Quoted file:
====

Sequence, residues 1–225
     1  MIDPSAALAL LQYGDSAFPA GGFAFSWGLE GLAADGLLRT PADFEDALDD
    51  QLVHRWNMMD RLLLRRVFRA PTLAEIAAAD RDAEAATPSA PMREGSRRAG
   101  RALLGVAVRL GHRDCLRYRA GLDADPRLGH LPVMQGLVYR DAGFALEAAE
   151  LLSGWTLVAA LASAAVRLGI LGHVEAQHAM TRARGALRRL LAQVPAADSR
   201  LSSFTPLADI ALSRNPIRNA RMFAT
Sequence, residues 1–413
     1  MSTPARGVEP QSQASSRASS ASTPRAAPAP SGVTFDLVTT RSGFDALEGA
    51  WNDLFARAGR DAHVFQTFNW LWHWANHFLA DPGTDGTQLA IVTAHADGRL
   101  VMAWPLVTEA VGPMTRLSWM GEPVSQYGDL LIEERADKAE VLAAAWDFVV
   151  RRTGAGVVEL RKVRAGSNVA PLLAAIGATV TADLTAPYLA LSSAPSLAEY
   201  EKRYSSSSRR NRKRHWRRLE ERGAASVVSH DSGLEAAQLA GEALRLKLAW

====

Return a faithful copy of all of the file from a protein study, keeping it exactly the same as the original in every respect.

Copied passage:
Sequence, residues 1–225
     1  MIDPSAALAL LQYGDSAFPA GGFAFSWGLE GLAADGLLRT PADFEDALDD
    51  QLVHRWNMMD RLLLRRVFRA PTLAEIAAAD RDAEAATPSA PMREGSRRAG
   101  RALLGVAVRL GHRDCLRYRA GLDADPRLGH LPVMQGLVYR DAGFALEAAE
   151  LLSGWTLVAA LASAAVRLGI LGHVEAQHAM TRARGALRRL LAQVPAADSR
   201  LSSFTPLADI ALSRNPIRNA RMFAT
Sequence, residues 1–413
     1  MSTPARGVEP QSQASSRASS ASTPRAAPAP SGVTFDLVTT RSGFDALEGA
    51  WNDLFARAGR DAHVFQTFNW LWHWANHFLA DPGTDGTQLA IVTAHADGRL
   101  VMAWPLVTEA VGPMTRLSWM GEPVSQYGDL LIEERADKAE VLAAAWDFVV
   151  RRTGAGVVEL RKVRAGSNVA PLLAAIGATV TADLTAPYLA LSSAPSLAEY
   201  EKRYSSSSRR NRKRHWRRLE ERGAASVVSH DSGLEAAQLA GEALRLKLAW